So far as the progress of work is concerned, we were actually expecting to bring the criticality of the first unit by September or October after the fuel loading. We were just waiting for the fuel-loading clearance. So this has essentially been halted. There is no big dispute on this issue. If by halting you mean that not a single person should enter the plant, then we are allowing a major asset of the country to degrade, and this is not acceptable. Really speaking, as far as the programme of work is concerned, we have halted. People are unable to go inside [the plant]. We need several thousands of people to work inside during the last phase of the work. But we are unable even to enter the place. So this is the situation today. So I don't see there is any real reason or real point of controversy on whether work has been halted or not. But you must run the essential facilities for the safety and long-term service of the equipment.

In your opinion, why did the agitation erupt now when, as you said, you were so close to starting up the first reactor?

I would say that it was a little unexpected because when you go in for a project, you have to have a cordial relationship with the people around. That cordial relationship existed all along. There was an excellent relationship with the people living around, and our engineers have been visiting them regularly and taking part in their social and educational programmes. We have actually been looking forward to further enriching our relationship with the people. Today, when we talk of this kind of a project, we expect the reactors to run for 40 to 60 years. So the relationship between people working inside the plant and those who live outside has to be excellent because it is a kind of social relationship. That had been achieved earlier. So, for me it was a big surprise that people around started agitating like this. I really do not know why this is happening.

A demonstration against the nuclear power plant in Palayamkottai, 80 km from the project site, on November 5.

One of the reasons could be that people saw the Fukushima event and it has brought about a sense of fear that a nuclear accident may.… Fukushima happened against the background of a natural disaster. Maybe, 20,000 died [in the earthquake and tsunami] but not in the Fukushima [nuclear] accident. In the Fukushima accident, the radiation casualty is still none. Zero.

In the Fukushima nuclear accident, are the casualty figures due to exposure to radiation really zero?

In Fukushima, the casualty due to radiation exposure is not there at all even today. The Fukushima reactors were 40-year-old vintage reactors. Not that they were unsafe. They could not stand the severity of the natural events, not one but two successive events – the earthquake and the tsunami. Even then, you would have noticed that all the reactors stopped at the first signal of the earthquake. So there was no nuclear fission energy release in these accidents. They were quite safe on that.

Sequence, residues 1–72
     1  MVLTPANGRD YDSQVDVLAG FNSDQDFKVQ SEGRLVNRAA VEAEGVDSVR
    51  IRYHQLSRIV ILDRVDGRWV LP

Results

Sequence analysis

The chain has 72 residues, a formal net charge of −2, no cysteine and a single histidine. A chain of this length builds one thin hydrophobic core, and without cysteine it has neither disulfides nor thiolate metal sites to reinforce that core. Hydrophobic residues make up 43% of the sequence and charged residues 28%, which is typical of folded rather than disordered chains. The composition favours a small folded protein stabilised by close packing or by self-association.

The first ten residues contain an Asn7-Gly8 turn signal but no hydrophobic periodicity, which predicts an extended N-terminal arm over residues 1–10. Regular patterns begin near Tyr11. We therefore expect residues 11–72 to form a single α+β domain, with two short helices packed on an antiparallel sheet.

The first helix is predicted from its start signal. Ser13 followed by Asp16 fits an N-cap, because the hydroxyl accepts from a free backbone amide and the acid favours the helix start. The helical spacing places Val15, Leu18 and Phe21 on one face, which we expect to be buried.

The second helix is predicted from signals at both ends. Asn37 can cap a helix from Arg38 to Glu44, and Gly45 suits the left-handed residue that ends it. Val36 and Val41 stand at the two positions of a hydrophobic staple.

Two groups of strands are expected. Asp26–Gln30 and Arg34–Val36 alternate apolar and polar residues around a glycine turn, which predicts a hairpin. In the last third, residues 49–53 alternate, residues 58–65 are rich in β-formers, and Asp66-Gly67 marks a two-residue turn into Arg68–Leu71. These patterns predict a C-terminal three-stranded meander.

The problem was because of hydrogen fire. Hydrogen got mixed with air. The removal of the decay heat [in the Fukushima reactors] was not possible because there was no power in the whole area and so no pumps operated. Decay heat means there is some radioactive substance in the reactor and it decays even after the reactor is shut down.

Today, reactors, particularly the VVER reactors, have a passive safety system, which does not need electricity.

The VVER-1000 reactors at Kudankulam have passive safety systems, do they not?

These issues were addressed in Kudankulam long before Fukushima happened. It is possible for us to explain each of these points to the people in the simplest language to convince them that one need not worry.

The second reason [for the agitation against the Kudankulam project] was that a drill had to be conducted, which was a requirement as per the Atomic Energy Regulatory Board [AERB]. That is, before you start up a reactor, you ensure that, in the remotest possibility of an accident, you should be able to evacuate the people from the nearby area. This exercise was being planned, which again caused undue fear among people.

The containment dome of the second reactor building of the project seen through the barrel hole of the first reactor building. A December 2008 photograph.

There was another event. When you reach standardisation, steam is produced. In the hot run, before the fuel is loaded, steam is created and is let out. Normally, the steam goes to the turbine to generate electricity. But here [in the hot run], it was let out. In the process, it created a noise which again was falsely understood by some people to be an accident. But it was a very normal operation. It could be yet another trigger point which caused fear.

Why was Nuclear Power Corporation of India Limited (NPCIL) unaware that such a situation was building up?